So I will preach on Joshua 24:1-3a, 14-25. I rarely title sermons, but I may go with “As for me and my house,” the title of Walter Wangerin’s fantastic book about marriage, which I’d commend to you, as I do to couples preparing to marry or trying to recover. The Christian couple focuses on values, on serving the world, on being Christ’s Body, on (as we say in the wedding liturgy) being “a haven of blessing and peace”… “so that those to whom love is a stranger will find in you generous friends.”

Geography matters here. Shechem, today, is part of the contested, tense West Bank. The topography is rugged, rocky, not the easiest drive. Back in the Bronze Age, Israel hadn’t conquered the entire land. Canaanites still controlled the main roads, and the marginalized Israelites had to scrape for whatever they could manage. In other words, Israel lived in a hostile environment, as a minority, and religiously, as a downright weird sect. {The same was true for early Christianity...}

The question for them was the same for us: What does it mean today to make the choice they made – that we will serve the Lord, this Lord, the biblical God, Jesus Christ, and not all the others? The preacher is wise, periodically, to remind good Christians that many gods compete for our attention and loyalty.

In the case of Joshua 24 there is even a peculiar wrinkle: Joshua says “Put away the gods your fathers served.” Does he mean Mesopotamian or Egyptian idols? Or even the gods known to Abraham, Lot, Jacob, etc.? What idols did your parents, whom you love and adore and owe so much to, serve? Jesus spoke of pitting father against son. He’s not stirring up family strife, but pressing for a choice. Many of our parents imbibed the whole civil religion thing of the good American life, American superiority, maybe the god of money and upward mobility, maybe those darker deities that bedevil us still on race or jingoism. How do we invite our people to shed even their parents’ lovely ideals, which may even have panned out marvelously, in order to serve the true and living God?

And what does this theological God-choice look like? Not just mental assent, but very practical stuff, how you farm, your job, what you buy, how you treat people, especially different people. As for me and my house, we will serve the Lord – so do we grab the latest gadget? Do we join in neighborhood banter making fun of somebody? Do we give church a skip to get to the golf tournament? Do we turn off the gadgets and TV and observe Sabbath? Examples abound. As political ideology is the dominant idolatry of our day, putting those gods away, and instead saying "We will serve the Lord" matters post-election. The Church's mission didn't change on election day.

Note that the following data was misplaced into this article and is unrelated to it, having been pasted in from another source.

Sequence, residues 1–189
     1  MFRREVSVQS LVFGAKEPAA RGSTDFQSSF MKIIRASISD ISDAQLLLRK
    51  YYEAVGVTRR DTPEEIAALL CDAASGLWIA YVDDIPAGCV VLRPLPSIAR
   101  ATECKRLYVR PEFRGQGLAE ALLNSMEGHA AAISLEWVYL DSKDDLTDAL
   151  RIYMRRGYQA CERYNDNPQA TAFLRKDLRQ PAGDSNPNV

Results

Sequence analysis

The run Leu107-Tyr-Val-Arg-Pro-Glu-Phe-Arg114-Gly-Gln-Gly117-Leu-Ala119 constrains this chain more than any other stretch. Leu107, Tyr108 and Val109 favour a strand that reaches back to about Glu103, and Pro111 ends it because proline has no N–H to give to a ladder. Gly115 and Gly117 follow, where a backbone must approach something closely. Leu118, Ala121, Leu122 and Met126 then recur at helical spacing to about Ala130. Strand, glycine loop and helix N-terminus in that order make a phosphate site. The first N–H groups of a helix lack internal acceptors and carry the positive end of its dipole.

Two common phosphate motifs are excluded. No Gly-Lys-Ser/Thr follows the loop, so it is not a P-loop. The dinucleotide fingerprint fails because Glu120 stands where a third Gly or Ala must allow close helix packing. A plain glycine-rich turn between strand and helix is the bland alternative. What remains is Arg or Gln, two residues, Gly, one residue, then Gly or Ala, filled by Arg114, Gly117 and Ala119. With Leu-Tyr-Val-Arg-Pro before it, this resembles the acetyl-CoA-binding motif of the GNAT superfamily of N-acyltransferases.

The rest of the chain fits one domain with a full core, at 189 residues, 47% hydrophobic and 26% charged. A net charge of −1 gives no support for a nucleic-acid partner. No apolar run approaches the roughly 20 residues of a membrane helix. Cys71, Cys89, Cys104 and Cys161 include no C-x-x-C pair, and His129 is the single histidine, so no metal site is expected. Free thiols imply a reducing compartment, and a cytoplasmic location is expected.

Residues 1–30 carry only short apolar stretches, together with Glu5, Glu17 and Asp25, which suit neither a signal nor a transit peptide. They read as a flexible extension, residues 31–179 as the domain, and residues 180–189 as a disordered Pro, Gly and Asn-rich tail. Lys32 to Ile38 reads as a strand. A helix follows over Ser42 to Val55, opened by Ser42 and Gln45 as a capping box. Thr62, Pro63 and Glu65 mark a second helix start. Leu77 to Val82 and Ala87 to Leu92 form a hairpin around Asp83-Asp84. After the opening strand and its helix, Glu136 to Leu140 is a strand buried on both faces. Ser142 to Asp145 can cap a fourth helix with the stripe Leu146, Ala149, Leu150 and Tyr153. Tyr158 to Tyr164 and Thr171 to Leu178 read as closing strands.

If it’s a Communion Sunday: “as for me and my house” involves food. How do we eat, what do we eat (and drink), and why? With whom do we eat? Jesus gave us a very do-able yet rarely-heeded command: “When you give a dinner, do not invite those who can invite you in return, but invite the poor, maimed, lame and blind – and if they don’t come, go out into the highways and hedges and compel them to come in.” As for me and my house… we are at least going to try this.

I laugh out loud when I get to Joshua 24:19. Having stirred the crowd into a resounding commitment to serve, Jacob surprisingly replies, “But you cannot serve the Lord.” What?? I can’t serve the Lord you just asked me to serve? We have here a humbling, a recognition at the outset that our most determined zeal to serve God will falter, be imperfect, or just a huge mess. I’m drawn to C.S. Lewis’s clever wisdom in Screwtape Letters, which envisions the devils plotting to do us in. I love this one: “My dear Wormwood, I note with grave displeasure that your patient has become a Christian. Do not indulge the hope that you will escape the usual penalties; indeed, in your better moments, I trust you would hardly even wish to do so. In the meantime we must make the best of the situation. There is no need to despair; hundreds of these adult converts have been reclaimed after a brief sojourn in the Enemy’s camp and are now with us. All the habits of the patient, both mental and bodily, are still in our favour.”


This post originally appeared at James Howell's Weekly Preaching Notions. Reprinted with permission.